196. The Chief Officers of Health and Social Care Partnerships (Integration Joint Boards) are accountable to the Chief Executives of the Local Authority and the Health Board that make up their partnership for their role in relation to child protection and other aspects of public protection. These Chief Officers must be appropriately linked to local governance arrangements for the protection of children in their area. This applies regardless of whether children’s services are in the scheme of integration.

197. Local Police Commanders and Chief Executives of Health Boards and Local Authorities are responsible for ensuring that their agencies, individually and collectively, work to protect children and young people as effectively as possible. They also have responsibility for integrating the contribution of those agencies not under their direct control, including the Scottish Children’s Reporter Administration, the Crown Office and Procurator Fiscal Service and the third sector.

198. Chief Officers are individually and collectively responsible for the leadership, direction and scrutiny of their respective child protection services and their Child Protection Committees (CPCs).

199. The National Guidance for Child Protection in Scotland (2014) emphasises the importance of planning by all relevant services. It states that “child protection planning should fit with the wider planning processes in the local area, showing how child protection is integral to wider economic and social objectives as expressed through community and integrated children services planning […]”.[27] While there is no statutory requirement to undertake a discrete “child protection planning” process in a local area, the National Guidance is clear that Children’s Services Plans should “include planned action to take forward improvements in services to protect children and meet their needs”, and that it is through children’s services planning that child protection planning should be linked in with wider local and national processes, such as Local Outcome Improvement Plans.[29]

200. Revision of the National Guidance for Child Protection is part of the Child Protection Improvement Plan (CPIP), initiated in 2016.  The Revision is necessary to ensure it is consistent with the legislative and policy framework and current practice developments. Publication of the revision is due in 2020.

201. The Framework for Risk Assessment, Management and Evaluation (FRAME) for under 18 year olds, supports a consistent approach to the way in which agencies assess, manage and evaluate the risks presented by children who display serious harmful behaviour.  It aims to achieve this by establishing agreed values, a structured approach, shared practice standards and a common language of risk.  FRAME outlines the Care and Risk Management (CARM) processes which may be applied when a child has been involved in an incident of a serious nature (irrespective of the legal status of the incident) or where a pattern of significant escalation of lesser behaviours suggests that an incident of a serious nature may be imminent.  The assessment of intent and the potential for harm should be the key measures which influence the decision to progress with CARM processes.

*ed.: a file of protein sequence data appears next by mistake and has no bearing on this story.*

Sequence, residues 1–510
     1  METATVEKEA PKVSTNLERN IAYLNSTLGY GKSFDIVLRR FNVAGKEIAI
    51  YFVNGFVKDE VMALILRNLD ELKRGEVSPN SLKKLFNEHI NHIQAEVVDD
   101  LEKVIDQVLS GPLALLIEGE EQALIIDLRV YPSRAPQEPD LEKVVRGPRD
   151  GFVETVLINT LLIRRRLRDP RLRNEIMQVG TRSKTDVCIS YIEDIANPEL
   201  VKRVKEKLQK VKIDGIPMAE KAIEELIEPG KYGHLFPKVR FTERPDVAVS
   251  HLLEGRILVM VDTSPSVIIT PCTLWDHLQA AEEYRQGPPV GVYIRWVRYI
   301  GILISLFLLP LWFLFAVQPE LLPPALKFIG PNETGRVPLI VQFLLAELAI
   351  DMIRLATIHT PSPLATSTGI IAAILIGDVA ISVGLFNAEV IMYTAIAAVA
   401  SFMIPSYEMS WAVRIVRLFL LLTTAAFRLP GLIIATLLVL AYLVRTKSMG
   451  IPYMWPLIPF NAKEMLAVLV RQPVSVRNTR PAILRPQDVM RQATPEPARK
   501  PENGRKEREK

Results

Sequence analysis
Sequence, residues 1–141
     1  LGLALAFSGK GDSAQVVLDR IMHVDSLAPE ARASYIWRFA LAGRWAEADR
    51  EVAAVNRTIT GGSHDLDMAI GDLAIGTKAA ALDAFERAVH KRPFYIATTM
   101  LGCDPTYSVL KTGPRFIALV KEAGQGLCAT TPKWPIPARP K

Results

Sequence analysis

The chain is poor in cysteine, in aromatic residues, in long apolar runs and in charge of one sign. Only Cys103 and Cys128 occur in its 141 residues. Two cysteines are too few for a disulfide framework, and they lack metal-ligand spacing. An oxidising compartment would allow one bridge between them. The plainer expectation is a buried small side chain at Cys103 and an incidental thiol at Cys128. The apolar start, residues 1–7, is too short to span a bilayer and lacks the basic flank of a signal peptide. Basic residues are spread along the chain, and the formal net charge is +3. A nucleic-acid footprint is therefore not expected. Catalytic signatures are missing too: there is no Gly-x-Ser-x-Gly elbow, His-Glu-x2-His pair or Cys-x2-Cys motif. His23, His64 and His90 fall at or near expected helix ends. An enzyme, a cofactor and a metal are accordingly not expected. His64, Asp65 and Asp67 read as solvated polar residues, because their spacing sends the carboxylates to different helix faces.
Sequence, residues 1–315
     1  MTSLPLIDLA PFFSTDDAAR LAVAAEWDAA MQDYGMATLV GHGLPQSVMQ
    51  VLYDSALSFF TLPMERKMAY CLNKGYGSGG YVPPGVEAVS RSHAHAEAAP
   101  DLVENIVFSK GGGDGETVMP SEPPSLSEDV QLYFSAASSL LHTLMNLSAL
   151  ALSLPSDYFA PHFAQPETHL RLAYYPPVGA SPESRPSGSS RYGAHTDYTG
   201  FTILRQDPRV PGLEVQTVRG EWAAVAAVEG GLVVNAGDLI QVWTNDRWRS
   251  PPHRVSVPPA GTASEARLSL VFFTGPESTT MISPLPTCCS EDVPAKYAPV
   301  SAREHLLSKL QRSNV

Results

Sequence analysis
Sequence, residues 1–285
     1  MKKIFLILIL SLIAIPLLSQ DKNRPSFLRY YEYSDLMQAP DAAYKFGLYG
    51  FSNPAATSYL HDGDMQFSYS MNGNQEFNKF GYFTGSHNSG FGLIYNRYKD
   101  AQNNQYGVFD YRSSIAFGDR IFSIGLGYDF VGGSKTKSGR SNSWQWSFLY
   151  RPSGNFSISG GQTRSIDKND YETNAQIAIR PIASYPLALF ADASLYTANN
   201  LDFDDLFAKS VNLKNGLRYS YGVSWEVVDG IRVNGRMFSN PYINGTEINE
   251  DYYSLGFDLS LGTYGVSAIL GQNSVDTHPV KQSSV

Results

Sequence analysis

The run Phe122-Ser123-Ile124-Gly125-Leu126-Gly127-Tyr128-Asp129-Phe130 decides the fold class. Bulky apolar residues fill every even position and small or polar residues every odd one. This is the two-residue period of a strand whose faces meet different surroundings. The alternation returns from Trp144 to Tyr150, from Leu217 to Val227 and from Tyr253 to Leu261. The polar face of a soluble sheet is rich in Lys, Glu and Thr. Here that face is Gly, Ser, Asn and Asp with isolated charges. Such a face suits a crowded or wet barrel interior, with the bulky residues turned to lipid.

202. Local planning and reporting arrangements for child protection are at the discretion of Chief Officers and Child Protection Committees, but the National Guidance recommends that every local Child Protection Committee produces an annual plan/report, outlining the activities of agencies working together to protect children. In those local areas where such a plan and/or report is produced, it is important that the process is fully integrated into the wider Children’s Service Planning framework. The child protection planning process should be seen as a component part of children’s services planning, contributing to the local Children’s Services Plan and annual progress report (as required under section 13 of the Act).    

National Improvement Framework for Scottish Education

203. The Standards in Scotland’s Schools etc. Act 2000 requires the Scottish Ministers to publish a National Improvement Framework . The legislation requires (amongst other duties) that, from August 2017, all education authorities prepare and publish annual plans describing the steps they intend to take during the planning period in pursuance of the National Improvement Framework for Scottish education. The annual plan must also describe the steps they intend to take to reduce the inequalities of outcome experienced by pupils as a result of socio-economic disadvantage and the ways in which they will consult key partners when deciding how this should be achieved. Finally, the plan must set out any educational benefits they intend to secure as a result of taking all of these steps. Education authorities must give a copy of the annual plan to the Scottish Ministers as soon as reasonably practicable after publishing the plan.

204. Education authorities are also required to ensure that annual School Improvement Plans and associated reports (required under section 6 of the Standards in Scotland’s Schools etc. Act 2000), take into account the plans, reports and parental strategy published by the education authority. The education authority’s early learning and childcare plan developed under Part 6 Section 50 (1) (b) of the Children and Young People (Scotland) Act will also be relevant, given the integrated nature of 3-18 Scotland’s curriculum.